Terrae Antiqvae

Tiberias, Israel. Encuentran sello con la primera imagen de Jesús

Tiberias, Israel. Encuentran sello con la primera imagen de Jesús

Fotos: (1) One of the "Jesus coins" found this year in the excavations of ancient Tiberias on the Sea of Galilee. The coin was minted in Constantinople in the 11th century and was probably brought to Tiberias by a Christian pilgrim. The obverse side (shown) bears the likeness of Jesus, and the other an inscription reading "Jesus Christ King of Kings." (2) Excavations at ancient Tiberias, showing the “Galilee Street,” and the basilica complex, with the Sea of Galilee in the background.

Un raro sello del siglo VI en el que aparece la imagen de Jesús por un lado, y el símbolo de la cruz con un símbolo de la palabra Cristo por el otro, encontrado en Tiberias, Israel, es probablemente la imagen de Jesús más antigua que se conozca.

Científicos de la Universidad Hebrea de Jerusalén aseguran que, dado que no existen manifestaciones pictóricas previas a la elaboración de este sello o moneda, se trata de un objeto realizado “a través de memoria histórica de los caracteres, por un artista cristiano”.

Yizhar Hirschfield, arqueólogo de la Universidad Hebrea, explica que no pudo haber sido influido por obras clásicas, ya que, figuras de Jesús y de las diferentes advocaciones de la virgen María y el niño Jesús son posteriores en al menos un siglo.

De 0.79 pulgadas, el sello es de las dimensiones de una moneda, y tales objetos eran usados para documentos oficiales del Imperio Bizantino.

En una cara del sello se observa una persona silueteada, con el hombro derecho bajo una cruz, y un halo sobre su cabeza.

El símbolo de Cristo del reverso consiste en una cruz con brazos iguales. La porción vertical de la cruz forma una F, que significa el monograma de Chi Ro, que en griego significa Cristo.

Hasta ahora, figuras similares en sellos con Jesús y otros motivos cristianos habían sido localizados entre los siglos X y XI, la mayoría con la inscripción “Jesús Cristo, Rey de Reyes”

Fuente: La Crónica de, México, 26 de diciembre de 2005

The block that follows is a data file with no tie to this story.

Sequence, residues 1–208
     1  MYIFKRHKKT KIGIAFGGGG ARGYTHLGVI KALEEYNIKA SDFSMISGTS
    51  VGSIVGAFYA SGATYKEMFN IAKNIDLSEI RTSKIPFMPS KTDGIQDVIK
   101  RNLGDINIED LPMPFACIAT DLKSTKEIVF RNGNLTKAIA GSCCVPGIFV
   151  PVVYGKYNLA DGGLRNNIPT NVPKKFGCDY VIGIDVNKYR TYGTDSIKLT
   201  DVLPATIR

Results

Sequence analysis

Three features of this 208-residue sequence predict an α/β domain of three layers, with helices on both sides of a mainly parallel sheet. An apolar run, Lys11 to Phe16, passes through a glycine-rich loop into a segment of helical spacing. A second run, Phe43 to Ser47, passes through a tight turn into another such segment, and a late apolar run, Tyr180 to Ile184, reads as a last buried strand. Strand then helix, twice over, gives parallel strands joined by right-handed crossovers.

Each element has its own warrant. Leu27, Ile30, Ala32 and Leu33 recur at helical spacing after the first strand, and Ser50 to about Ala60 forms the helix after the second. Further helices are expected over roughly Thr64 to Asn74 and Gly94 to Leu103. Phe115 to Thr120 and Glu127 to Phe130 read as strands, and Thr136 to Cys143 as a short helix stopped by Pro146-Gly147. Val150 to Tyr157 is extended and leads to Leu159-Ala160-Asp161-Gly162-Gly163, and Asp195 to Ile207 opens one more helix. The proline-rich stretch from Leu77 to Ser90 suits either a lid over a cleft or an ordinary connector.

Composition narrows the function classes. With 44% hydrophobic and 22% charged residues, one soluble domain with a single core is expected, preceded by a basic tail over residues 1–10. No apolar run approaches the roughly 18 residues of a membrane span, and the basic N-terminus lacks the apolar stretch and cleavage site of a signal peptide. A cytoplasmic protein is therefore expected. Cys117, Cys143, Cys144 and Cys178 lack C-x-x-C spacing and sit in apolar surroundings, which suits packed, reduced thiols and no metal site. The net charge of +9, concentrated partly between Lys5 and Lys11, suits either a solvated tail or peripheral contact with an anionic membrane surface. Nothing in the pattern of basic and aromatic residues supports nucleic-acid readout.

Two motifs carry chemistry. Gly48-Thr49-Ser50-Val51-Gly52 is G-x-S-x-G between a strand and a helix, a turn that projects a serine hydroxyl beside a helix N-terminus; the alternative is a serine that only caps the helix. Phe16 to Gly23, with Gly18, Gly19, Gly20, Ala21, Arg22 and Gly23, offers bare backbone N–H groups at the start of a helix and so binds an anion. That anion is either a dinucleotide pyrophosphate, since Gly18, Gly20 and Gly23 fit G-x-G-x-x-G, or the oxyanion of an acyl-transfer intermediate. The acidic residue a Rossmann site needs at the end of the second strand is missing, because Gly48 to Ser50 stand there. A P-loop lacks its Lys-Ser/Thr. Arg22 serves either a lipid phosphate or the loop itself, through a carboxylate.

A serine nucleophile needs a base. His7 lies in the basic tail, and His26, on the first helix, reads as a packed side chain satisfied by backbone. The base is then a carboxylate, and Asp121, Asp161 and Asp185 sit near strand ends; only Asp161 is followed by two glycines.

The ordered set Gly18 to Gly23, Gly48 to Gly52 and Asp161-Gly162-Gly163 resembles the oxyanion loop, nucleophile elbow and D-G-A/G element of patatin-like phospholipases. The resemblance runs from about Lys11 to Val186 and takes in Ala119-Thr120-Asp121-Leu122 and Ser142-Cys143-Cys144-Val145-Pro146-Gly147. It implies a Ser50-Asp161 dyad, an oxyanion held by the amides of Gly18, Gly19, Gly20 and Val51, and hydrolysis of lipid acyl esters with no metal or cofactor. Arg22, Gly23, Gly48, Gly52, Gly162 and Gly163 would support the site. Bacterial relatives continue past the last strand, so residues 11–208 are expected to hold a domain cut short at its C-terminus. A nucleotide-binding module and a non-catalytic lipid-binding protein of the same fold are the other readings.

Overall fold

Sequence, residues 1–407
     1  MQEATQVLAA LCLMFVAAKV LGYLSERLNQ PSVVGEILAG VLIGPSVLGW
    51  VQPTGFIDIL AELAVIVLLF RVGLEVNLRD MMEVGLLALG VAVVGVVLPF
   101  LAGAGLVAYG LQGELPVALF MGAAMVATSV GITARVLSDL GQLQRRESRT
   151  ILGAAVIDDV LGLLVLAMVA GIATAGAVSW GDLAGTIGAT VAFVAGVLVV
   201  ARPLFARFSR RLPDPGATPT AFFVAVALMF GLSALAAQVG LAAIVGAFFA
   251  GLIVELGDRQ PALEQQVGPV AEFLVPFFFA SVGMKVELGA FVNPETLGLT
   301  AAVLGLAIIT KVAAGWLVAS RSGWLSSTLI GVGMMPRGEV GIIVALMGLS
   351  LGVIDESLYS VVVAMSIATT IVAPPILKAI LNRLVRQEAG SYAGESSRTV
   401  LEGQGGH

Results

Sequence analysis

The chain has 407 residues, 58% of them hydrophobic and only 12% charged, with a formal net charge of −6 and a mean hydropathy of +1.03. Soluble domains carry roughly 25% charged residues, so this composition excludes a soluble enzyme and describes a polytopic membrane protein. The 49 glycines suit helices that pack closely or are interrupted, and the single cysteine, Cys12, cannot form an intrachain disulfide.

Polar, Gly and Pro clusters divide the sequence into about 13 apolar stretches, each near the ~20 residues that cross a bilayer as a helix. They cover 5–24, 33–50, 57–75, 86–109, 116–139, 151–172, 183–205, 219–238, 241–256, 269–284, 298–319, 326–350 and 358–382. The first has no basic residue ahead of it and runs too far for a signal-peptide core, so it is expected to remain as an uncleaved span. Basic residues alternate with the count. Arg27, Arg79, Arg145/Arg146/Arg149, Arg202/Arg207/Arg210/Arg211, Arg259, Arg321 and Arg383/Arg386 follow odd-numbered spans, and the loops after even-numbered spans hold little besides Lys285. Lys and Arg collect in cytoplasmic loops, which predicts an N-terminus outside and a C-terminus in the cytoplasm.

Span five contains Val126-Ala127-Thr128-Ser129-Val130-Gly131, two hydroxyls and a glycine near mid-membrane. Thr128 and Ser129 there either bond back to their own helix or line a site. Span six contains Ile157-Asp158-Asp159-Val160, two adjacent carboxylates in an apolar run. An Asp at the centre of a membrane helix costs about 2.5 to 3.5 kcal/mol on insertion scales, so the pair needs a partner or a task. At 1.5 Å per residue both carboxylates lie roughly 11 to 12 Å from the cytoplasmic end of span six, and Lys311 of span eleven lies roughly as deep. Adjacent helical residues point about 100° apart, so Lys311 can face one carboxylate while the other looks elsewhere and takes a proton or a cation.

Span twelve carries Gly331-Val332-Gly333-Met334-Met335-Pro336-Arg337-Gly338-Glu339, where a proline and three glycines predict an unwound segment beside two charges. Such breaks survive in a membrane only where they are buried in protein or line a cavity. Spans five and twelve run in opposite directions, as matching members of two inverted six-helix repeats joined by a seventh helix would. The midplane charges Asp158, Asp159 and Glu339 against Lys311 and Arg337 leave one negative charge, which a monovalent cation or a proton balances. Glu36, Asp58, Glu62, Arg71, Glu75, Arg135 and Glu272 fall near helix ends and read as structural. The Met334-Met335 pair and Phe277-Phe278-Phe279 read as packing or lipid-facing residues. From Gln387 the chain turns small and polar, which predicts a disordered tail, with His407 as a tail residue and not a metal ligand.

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(2) Ancient Tiberias reveals more of its beauty

Contact: Jerry Barach
The Hebrew University of Jerusalem

Further revelations of the beauty of the ancient city of Tiberias and of its uniqueness as a Jewish center were revealed in this season's excavations there.

The excavations, funded by the Tiberias municipality, are turning the site into a significant archaeological park, according to dig director Prof. Yizhar Hirschfeld of the Hebrew University of Jerusalem and the Israel Antiquities Authority, and Prof. Katharina Galor of Brown University, Providence, RI.

Ancient Tiberias' location, just south of the modern city of Tiberias along route 90, was highly attractive in Roman times: on one side open to the Sea of Galilee (Lake Kinneret) and on the other bounded by Mount Berenice. Two main north-south streets dominated the city plan. One was the cardo, the main commercial thoroughfare of the town. The other was the promenade, which was open on one side to the lake and over which route 90 was built.

Excavations this year focused on the city's basilica complex, which was first discovered several years ago and is identified with the seat of the Sanhedrin, the ancient supreme Jewish religious authority. The eastern wall of the structure was preserved to a height of two meters and was bounded by the promenade.

The structure itself was built in the 4th century C.E. as a gigantic complex of at least 2,000 square meters. It has some 25 rooms with three main components: a colonnaded courtyard, which served as a gathering place for the townspeople, a passageway, and a reception hall with a semi-circular apse. Under the courtyard, excavators found a water cistern, supported by arches, that has survived the centuries unscathed

Beneath the apse hall, remains of an impressive, first-century, marble floor were found. There is no natural marble in Israel, and therefore, this floor must have been part of a grand structure belonging to an individual of extraordinary wealth. The excavators believe it was one of the palaces belonging to Herod Antipas, son of Herod the Great, who founded Tiberias in 20 C.E. A marble floor of this type from the Second Temple period has been found previously in Israel only at the Herodian palaces of Masada, Jericho, and Herodion.

The finds in the remains of the complex's ancient shops this season were extremely rich: complete oil lamps, bronze coins, including more of the "Jesus coins" (a coin from the 11th century bearing the image of Jesus, discovered in earlier excavations there), glass and stone vessels, jewelry and frescoes. On the western façade of the basilica complex, a row of shops was discovered along with a 50-meter section of street paved with basalt stones, which the archaeological team named "Galilee Street."

Fuente: Eurek, 26 de julio de 2005


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